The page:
Belly dancing history crosses many cultural boundaries, getting its start in the Middle East and Africa, and moving on to evolve in western cultures as both a form of cultural dance and exotic entertainment. In the 21st century, the genre has gained considerable popularity all around the world.
Early Belly Dancing History
The term "belly dance" is a westernized name that originally referred to traditional Middle Eastern dancing. The earliest forms of belly dance were the Egyptian ghawazi dance during the 19th century, and Raqs Sharqi, an Arabic dance of the 20th century. Despite Egypt's location in Africa and contributions from other nations such as France, Turkey and the United States, the term belly dance is usually used today to include all traditional dances of the Middle Eastern region, including those not geographically situated there.
Origins in Egypt
The first belly dancers were a group of traveling dancers known as the ghawazee. These women were considered gypsies in Egypt in the 18th century, and were banished from Cairo during the 1830s, but went on to perform in Upper Egypt and later in the Middle East and Europe. Belly dancing was, during this time period, often known as "Oriental" dancing, and the women were made famous in Europe by authors and painters intrigued by the exotic nature of the art.
From the ghawazee troupe, the raqs sharqi genre of belly dancing began to develop. More urban than the purest dance forms in earlier belly dancing history, it quickly became popular and took cues from not only the ghawazee but also various folk dance styles, ballet, Latin dance, and even American marching bands.
Belly dancing gained popularity in the United States in the 1960s and 1970s during a time when more women were becoming free spirits. By this time, the dance had quite a sensual reputation, and western women worked hard to reinvent it as a woman-focused dance that was performed in conjunction with female celebrations such as childbirth and new-age Goddess worship.
Choreography Through the Ages
While belly dancing is very showy in style and costuming, the basic dance requires the disciplined skill of isolations. For this reason, those with experience dancing jazz or ballet will do well with basic belly dance technique. The core muscles of the dancer's body execute each movement, as opposed to the use of external muscles alone. The majority of movements come from the hip and pelvic region; however, isolations of the shoulders and chest are also vital to a fluid-looking performance.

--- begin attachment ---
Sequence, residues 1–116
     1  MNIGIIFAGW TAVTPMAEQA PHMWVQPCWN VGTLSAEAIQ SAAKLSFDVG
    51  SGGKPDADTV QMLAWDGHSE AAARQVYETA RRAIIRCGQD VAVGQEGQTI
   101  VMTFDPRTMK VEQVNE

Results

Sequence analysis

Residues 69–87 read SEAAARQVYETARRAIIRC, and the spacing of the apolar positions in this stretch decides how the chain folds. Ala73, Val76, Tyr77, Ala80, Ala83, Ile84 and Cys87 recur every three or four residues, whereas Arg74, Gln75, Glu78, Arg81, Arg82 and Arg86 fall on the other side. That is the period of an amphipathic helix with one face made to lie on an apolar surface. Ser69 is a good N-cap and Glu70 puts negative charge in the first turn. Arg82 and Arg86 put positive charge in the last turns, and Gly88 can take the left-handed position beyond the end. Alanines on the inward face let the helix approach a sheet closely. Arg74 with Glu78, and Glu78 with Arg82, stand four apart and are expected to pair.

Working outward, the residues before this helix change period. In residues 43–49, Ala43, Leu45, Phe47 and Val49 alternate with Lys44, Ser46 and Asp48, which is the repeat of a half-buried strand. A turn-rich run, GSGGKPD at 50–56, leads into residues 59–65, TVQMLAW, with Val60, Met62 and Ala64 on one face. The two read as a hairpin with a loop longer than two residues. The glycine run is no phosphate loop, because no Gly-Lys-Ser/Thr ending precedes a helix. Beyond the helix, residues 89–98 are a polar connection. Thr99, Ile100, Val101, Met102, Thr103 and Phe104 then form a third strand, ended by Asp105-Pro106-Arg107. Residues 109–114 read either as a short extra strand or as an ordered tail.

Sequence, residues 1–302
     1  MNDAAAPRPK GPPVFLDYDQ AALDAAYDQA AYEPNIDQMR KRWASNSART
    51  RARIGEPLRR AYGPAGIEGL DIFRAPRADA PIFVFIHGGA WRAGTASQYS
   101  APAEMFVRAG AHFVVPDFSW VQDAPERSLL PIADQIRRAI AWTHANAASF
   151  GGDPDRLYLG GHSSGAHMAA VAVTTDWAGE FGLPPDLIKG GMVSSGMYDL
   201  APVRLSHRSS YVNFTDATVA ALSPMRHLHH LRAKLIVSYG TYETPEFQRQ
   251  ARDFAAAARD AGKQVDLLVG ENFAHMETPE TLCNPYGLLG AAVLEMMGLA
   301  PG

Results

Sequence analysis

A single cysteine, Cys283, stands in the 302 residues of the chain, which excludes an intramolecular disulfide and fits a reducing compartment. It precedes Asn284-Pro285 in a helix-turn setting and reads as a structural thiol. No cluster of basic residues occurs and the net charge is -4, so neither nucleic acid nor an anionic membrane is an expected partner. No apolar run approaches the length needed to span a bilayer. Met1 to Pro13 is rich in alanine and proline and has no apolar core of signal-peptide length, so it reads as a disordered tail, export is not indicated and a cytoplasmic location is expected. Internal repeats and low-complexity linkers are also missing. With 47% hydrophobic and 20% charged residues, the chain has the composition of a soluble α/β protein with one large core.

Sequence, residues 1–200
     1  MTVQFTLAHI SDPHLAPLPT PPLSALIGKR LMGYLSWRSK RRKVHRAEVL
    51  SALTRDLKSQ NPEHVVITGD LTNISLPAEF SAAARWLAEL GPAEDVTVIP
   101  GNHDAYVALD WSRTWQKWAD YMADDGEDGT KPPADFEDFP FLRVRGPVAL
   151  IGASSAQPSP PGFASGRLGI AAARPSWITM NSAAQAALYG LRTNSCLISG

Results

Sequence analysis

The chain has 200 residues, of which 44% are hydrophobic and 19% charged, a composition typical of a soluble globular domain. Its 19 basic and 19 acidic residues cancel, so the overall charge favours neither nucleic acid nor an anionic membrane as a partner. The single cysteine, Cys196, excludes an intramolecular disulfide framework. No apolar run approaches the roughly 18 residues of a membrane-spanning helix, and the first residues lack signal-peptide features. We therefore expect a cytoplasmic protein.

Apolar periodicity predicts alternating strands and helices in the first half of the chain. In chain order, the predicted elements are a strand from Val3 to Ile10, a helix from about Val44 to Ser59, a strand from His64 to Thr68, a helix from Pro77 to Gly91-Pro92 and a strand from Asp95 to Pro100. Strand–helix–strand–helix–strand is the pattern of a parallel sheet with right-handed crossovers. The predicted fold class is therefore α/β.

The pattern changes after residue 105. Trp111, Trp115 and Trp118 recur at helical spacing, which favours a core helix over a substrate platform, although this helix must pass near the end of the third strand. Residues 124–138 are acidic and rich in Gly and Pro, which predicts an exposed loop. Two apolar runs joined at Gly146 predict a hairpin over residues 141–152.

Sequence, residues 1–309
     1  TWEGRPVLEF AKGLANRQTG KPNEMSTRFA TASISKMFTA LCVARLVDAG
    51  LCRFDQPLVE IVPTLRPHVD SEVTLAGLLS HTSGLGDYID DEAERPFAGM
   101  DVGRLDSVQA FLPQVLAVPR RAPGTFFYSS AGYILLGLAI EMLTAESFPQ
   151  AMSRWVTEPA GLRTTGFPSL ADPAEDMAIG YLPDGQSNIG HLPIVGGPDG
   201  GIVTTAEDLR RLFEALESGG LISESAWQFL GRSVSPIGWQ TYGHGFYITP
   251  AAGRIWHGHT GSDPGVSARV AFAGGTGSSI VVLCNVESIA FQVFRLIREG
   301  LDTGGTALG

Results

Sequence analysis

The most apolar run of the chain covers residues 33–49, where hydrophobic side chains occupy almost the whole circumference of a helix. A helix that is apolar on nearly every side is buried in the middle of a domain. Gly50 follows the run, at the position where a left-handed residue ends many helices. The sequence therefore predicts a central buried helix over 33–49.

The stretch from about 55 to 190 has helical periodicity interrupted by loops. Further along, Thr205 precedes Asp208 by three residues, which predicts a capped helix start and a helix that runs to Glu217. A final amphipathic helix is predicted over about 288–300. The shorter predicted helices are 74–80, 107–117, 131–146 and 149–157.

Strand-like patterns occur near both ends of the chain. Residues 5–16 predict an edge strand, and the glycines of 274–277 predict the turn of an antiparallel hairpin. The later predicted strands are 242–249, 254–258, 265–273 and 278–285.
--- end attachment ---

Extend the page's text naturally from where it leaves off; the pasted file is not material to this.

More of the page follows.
There are many steps found in the various styles of belly dancing performed all over the world, but the classic steps that come back throughout several periods in the history of belly dancing are:
Shimmy - vibrating hips using the muscles of the lower back. You may shimmy front to back or side to side to create this vibration, and occasionally it is also performed in the shoulders.
Undulations - flowing, fluid movements throughout the body, including a pulsating rhythm of the chest and a circular twist of the hips and stomach regions
Hip hits - a sharp and quick pulsation of the hips moving out from the body. When performed up to speed, it looks as if the pelvis is swinging, but it is actually the weight of the legs pulsing quickly in alternation that creates the hip illusion.
Costuming and Props History
Early belly dancing costuming consisted of a fitted bra top, a belt that rides low on the hips, and then a long skirt or flowing pants. These are usually covered in embellishments of fringe, coins, jewels, or sequins. This historical look, first portrayed on the earliest of belly dancers, is often still used today.
Belly dancing history also showcases a wide array of props that are used all over the world. American belly dancers very often use these, as it increases the entertainment value of their performances. More traditional belly dance studios may discourage the use of props, instead hoping to focus more on the physical discipline and artistry of the dance itself. Some props you may see being used at entertainment-based establishments such as American restaurants include fans, finger cymbals, tambourines, swords, snakes, canes and veils or light scarves. These are all optional and are left to the discretion of the choreographer and dancer.
Learning the Art and History
You can learn belly dancing at many studios throughout the United States, and many include a brief history behind the craft so you can appreciate and get in touch with its long lineage of tradition that is now found in so many different cultures.